• Heroes Return Launched in 2004 this £17 million scheme provided funding to Second World War veterans, their wives or husbands, widows and widowers and, where required, their present-day carers to visit the overseas areas where the veterans saw active service.  By linking with activities funded through the Their Past Your Future scheme, Heroes Return is also helping to give young people a better understanding of the efforts and sacrifices made by veterans.
  • Home Front Recall provided grants of between £500 and £20,000 for regional and local projects across the UK in 2004-2005 that commemorated the events of the Second World War and the contributions of different groups in society.  The scheme funded a very wide range of projects including special community days; reunions and exhibitions; recordings of the experiences of those who lived through the War; plays and pieces of creative artwork. In addition, the scheme funded a number of national grants to organisations such as the TUC to fund a range of commemorative activities.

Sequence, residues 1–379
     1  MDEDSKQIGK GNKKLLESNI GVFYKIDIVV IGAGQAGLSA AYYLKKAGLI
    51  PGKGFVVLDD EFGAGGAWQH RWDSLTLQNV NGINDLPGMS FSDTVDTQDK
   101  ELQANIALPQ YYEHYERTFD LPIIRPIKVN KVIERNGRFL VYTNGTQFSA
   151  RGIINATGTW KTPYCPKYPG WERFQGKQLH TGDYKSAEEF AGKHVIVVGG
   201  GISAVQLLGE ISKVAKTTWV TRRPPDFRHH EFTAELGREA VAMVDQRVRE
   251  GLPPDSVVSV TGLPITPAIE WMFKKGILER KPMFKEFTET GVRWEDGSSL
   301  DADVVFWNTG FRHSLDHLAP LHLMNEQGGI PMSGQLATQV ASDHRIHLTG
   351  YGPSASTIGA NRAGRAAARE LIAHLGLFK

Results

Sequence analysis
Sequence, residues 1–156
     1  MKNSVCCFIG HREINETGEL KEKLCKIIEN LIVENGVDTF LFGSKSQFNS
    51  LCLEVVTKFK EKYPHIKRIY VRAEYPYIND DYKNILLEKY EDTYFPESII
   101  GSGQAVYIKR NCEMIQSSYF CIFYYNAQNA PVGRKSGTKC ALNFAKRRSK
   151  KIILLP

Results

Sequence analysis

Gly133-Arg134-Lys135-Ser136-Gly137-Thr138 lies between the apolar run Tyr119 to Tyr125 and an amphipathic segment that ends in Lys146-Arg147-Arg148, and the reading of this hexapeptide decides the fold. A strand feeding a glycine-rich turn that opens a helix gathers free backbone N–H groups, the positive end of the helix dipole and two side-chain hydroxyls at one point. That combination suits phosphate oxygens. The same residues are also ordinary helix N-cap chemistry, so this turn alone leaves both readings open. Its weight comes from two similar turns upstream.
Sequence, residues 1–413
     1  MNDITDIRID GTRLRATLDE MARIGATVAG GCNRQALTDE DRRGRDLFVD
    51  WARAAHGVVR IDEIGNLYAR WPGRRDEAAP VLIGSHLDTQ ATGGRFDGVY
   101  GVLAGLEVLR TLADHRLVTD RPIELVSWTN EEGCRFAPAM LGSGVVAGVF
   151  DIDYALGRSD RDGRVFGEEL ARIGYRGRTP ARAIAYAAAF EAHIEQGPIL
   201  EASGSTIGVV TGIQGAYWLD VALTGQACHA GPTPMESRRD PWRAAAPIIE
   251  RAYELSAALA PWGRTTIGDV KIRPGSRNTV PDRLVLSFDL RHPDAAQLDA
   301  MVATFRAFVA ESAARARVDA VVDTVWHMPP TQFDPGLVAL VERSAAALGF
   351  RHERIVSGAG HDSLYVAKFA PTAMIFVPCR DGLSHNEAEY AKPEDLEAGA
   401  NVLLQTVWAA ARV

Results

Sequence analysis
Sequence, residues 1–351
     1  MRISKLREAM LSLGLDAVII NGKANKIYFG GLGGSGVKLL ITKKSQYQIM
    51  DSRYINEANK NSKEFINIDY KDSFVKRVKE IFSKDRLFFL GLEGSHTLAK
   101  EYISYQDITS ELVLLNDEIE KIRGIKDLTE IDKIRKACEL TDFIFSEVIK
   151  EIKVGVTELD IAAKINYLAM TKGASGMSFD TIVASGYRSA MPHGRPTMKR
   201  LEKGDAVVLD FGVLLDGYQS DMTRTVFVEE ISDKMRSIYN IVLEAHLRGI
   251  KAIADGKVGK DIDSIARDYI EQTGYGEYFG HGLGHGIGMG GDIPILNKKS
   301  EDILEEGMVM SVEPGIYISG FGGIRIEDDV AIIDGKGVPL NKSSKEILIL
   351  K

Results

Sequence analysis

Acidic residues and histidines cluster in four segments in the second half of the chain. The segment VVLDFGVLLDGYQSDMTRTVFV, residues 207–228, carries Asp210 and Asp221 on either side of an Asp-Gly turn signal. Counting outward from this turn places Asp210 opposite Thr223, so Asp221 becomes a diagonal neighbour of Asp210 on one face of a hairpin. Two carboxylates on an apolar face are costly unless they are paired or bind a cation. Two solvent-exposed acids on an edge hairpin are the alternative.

• Their Past Your Future is an ongoing UK-wide schools and education scheme to give young people the opportunity to learn first-hand from veterans about their experience of war. The Big Lottery Fund is working closely with the Imperial War Museum and the museums, libraries and archives sector UK-wide to help young people to research and learn about the personal experiences and roles played by forces personnel and civilians. Competitions have enabled schools to take part in World War Two related visits with veterans. The Imperial War Museum has a website (www.theirpast-yourfuture.org.uk) with a wide range of resources for schools to use and details of projects delivered by museums across the UK.                                      

Tags

Organisation Types

  • Voluntary or community organisation

Beneficiaries

  • Voluntary and community sector organisations
  • Veterans